Saying Representation Matters is Not Enough - How Casting Depot Can Play a Part in Changing Hollywood’s System


Lacey Kaelani

Lacey Kaelani

·7 min read

What I love most about working in casting is that I'm always challenged with finding a great story. It's my job to place individuals on camera that represent every type of viewer there is, no matter how difficult it is to cast that individual. Why? Because representation matters in entertainment and media. Period.

Historically there's been a handful of things wrong in the casting process, however more specifically in the workflow process itself. When talent is decentralized, access to gigs is limited, and there are high barriers to entry - it makes finding the story difficult. I wrote a little bit about the workflow process here so that I could better emulate the day-to-day inefficiencies that make casting the bottleneck in our industry. In that same article, I also wrote about the massive pivot we saw about 6–8 years ago when the wave of all things digital pushed the possibility and availability of different types of distribution channels on to the market. When there's more to create, there's more to cast, and therefore a shorter turn-around time to find authentic, genuine, human stories. Casting directors are now finding it harder and harder to focus on quality and instead are being forced to focus on quantity.

As the industry evolves as a result of the challenge outlined above, we're seeing more and more avenues to highlight diversity across a variety of channels. So - why am I writing about this? I recently read a report put out by McKinsey that showed "[diversity] inequity persists and is deeply entrenched across the film and TV ecosystem". It went on to highlight underrepresented talent across the industry, particularly on and off-screen. Research on positions of creative control revealed that less than 6% of the writers, directors, and producers of US-produced films, are African American. And to top it off, only 11% of talent cast for leading film roles are African American (which are often funneled to race-related projects, which typically receive lower investment in both production and promotion). As a first-generation American from a culture that's never represented on television (I'm not African American, I'm Surinamese), reading this article made me both upset and motivated. Upset - because these are the facts in underrepresented minorities, and motivated because my team and I are in the unique position to make a special change in the industry.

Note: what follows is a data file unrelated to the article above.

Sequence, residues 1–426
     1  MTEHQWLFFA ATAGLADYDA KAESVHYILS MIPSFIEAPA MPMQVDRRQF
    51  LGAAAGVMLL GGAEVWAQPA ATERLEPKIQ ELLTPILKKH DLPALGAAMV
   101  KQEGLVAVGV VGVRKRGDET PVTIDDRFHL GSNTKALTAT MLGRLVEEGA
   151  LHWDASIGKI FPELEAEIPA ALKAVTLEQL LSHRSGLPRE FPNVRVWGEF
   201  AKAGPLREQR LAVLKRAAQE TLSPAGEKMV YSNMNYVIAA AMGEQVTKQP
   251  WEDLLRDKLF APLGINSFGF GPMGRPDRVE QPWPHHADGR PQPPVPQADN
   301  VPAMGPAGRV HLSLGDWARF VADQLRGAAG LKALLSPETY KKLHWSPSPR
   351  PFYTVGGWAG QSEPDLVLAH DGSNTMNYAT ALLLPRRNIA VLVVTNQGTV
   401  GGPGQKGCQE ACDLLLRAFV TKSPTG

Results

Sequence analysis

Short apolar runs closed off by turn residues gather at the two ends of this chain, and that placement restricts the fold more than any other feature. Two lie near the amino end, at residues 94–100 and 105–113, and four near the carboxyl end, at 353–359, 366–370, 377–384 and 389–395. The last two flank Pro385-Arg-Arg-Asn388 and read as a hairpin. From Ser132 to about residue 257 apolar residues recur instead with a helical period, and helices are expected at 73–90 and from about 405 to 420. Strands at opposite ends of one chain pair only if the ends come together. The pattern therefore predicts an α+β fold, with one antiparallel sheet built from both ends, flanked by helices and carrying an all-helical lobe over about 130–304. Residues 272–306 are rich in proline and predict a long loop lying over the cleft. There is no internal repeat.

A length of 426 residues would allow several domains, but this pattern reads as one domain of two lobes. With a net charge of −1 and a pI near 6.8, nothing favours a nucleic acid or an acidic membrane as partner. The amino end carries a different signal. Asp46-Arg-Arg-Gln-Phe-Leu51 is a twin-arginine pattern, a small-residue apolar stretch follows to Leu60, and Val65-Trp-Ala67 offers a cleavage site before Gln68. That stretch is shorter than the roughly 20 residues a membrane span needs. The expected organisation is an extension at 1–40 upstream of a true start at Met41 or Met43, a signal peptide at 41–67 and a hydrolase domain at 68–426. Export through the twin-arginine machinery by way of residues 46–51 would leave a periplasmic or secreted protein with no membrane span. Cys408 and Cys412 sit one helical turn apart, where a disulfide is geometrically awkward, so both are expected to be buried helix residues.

At Casting Depot, we recognize that breaking into the industry is hard - regardless of who you are. Finding auditions, getting in front of casting directors, and lastly, telling your story - it's all a daunting monster in your closet waiting to be faced. Booking that dream gig, historically, could take years of work without pay (or insufficient pay), a ton of "no's", and constant frustration. The phrase "it's all about who you know" couldn't be more archaic.

When we set out to build Casting Depot, it was (and still is) our goal to democratize access to every type of on-camera gig, both union and non-union. We're free, which removes the barrier to entry. We're a network, which challenges the idea of the traditional job board in the industry. And lastly - we've built tools that allow you to represent who you are in every facet of your life, allowing for more representation in the talent-booking process. Why has it taken so long for the casting industry to create a tool that celebrate and highlights diversity? Who knows. But I promise we're building as fast, and accurately, as we can.

The McKinsey's report called out "Without a formal search or recruitment process or an established protocol for hiring, industry access can come down to who you know." We're looking to formalize just this - for the casting industry - via our network, so that casting is no longer just about "who you know" and more of a "because you put yourself out there".

As McKinsey proposes solutions to combat the racial complexities and challenges of the film and TV industry through its interviewing on-screen talent, off-screen writers, producers, directors, executives, agents, and crew members, we hope that our users who work at studios and networks make progress towards creating an impact as well. As more industry leaders begin to focus on increasing representation in important decision-making positions (e.g. - casting directors), our goal is that Casting Depot plays a part in promoting diversity equity within each production's talent selection.

Our dream is to continue seeing studios put into place initiatives that "include dedicated training and sponsorship programs (including networking opportunities) for diverse creators, as well as a certain number or share of pitch slots regularly reserved for underrepresented talent" as we build a similar concept of accountability and transparency into our platform.

To learn more about our site and the network we're building, click here.

-Lacey, Co-Founder @ Casting Depot 🚀